Many things I took for granted before we adopted our our daughter took on new or different meaning to me. I know I cannot fulfill all my daughter's needs when it comes to connecting with her culture or understanding her path to our family. I find myself looking to put things in place that will help her during the times she will need to seek help and guidance elsewhere. I don't know what it is to be Ethiopian. I don't know what it is to be adopted. I don't know what it is to be birthed in one continent and raised in another. As a mom, I want to be all things to my daughter - to be her guide on her journey. But I know I will fall short and so I plan.
I realize, as I reflect, I will fall short in that capacity for my sons too. But I honestly had not given that much thought before Leyla arrived. I know as boys there are parts of their journey that their father and the other men in their lives will need to take a leading role. But those differences are the norm in families. Perhaps that is why I felt more comfortable believing what my sons needed would naturally be there for them. However, I am less sure about that too as I watch my eldest enter his teens. The world I knew growing up as teen no longer exists and he will face challenges I didn't.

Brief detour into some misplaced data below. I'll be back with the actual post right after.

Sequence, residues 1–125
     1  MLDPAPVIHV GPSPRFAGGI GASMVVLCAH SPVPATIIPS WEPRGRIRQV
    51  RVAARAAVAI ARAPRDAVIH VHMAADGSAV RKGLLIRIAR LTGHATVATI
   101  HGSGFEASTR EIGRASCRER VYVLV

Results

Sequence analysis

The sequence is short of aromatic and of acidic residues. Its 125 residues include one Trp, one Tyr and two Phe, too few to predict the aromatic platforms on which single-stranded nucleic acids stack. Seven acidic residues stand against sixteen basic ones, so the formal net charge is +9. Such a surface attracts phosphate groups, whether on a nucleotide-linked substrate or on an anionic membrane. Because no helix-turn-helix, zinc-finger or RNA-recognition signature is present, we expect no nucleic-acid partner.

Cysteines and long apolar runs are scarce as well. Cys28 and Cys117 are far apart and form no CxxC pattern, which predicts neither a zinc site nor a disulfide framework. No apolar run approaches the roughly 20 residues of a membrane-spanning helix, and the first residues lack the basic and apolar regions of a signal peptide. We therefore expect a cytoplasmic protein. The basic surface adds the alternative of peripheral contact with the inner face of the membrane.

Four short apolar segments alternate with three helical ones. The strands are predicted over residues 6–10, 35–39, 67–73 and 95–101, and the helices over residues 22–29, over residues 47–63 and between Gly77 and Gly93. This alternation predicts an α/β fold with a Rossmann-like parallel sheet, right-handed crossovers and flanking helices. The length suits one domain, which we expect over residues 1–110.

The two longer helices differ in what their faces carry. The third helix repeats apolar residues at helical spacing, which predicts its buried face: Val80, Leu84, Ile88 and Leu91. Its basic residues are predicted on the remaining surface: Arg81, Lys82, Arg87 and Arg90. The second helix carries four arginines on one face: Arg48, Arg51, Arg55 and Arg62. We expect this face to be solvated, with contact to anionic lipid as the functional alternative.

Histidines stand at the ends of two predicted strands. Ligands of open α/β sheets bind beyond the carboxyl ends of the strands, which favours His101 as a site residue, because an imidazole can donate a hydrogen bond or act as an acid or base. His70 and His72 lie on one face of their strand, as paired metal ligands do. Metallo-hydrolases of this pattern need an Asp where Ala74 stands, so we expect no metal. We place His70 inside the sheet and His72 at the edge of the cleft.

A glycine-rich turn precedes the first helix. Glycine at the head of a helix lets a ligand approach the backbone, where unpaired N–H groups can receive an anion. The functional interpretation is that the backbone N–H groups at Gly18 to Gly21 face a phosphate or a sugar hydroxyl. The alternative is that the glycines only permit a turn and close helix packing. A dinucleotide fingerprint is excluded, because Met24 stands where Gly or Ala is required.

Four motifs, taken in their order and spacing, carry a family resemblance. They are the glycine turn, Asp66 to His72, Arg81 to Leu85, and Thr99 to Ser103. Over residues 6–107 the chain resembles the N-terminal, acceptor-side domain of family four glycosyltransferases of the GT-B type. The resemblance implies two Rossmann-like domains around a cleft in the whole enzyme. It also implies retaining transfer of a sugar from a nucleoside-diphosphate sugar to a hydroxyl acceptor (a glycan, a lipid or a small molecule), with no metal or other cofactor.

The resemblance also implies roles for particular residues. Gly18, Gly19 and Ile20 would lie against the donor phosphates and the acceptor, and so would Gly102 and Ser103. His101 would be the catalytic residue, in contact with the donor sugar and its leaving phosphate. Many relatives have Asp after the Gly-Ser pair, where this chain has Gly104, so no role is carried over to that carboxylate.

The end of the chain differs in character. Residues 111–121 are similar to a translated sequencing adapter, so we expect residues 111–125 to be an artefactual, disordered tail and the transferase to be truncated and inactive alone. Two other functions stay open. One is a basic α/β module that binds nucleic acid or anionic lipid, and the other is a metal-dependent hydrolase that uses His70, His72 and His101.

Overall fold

When we went to Ethiopia to bring home our daughter, we traveled with two other families who were also meeting their daughters for the first time. Both families had connections to where we live. Interestly, both mothers had grown up in the area although their families now live elsewhere. We discussed keeping the girls connected as much as we could. Each year since, we were able to get together with one of those families. They have a biological daughter Hazel (who accompanied her parents to Ethiopia) and their Ethiopian daughter Naima. Naima is about 6 months older than Leyla.
When we met our daughters, that age gap seems quite large. Leyla was a tiny 6 month old and Naima was a tall slim one year old, walking and starting to talk. I included some photos of the girls from that time in Ethiopia below. The first summer visit together the age difference had diminished but still was evident. Leyla was a few months past her first birthday and just mastering walking. Naima was closer to two and happily running and talking up a storm to her sister. Our boys really enjoyed meeting Naima and Hazel because it allowed them to connect to their sister's time in Ethiopia before she joined them. Dimitri went out of his way to form a connection with Naima who was a bit shy when we first arrived.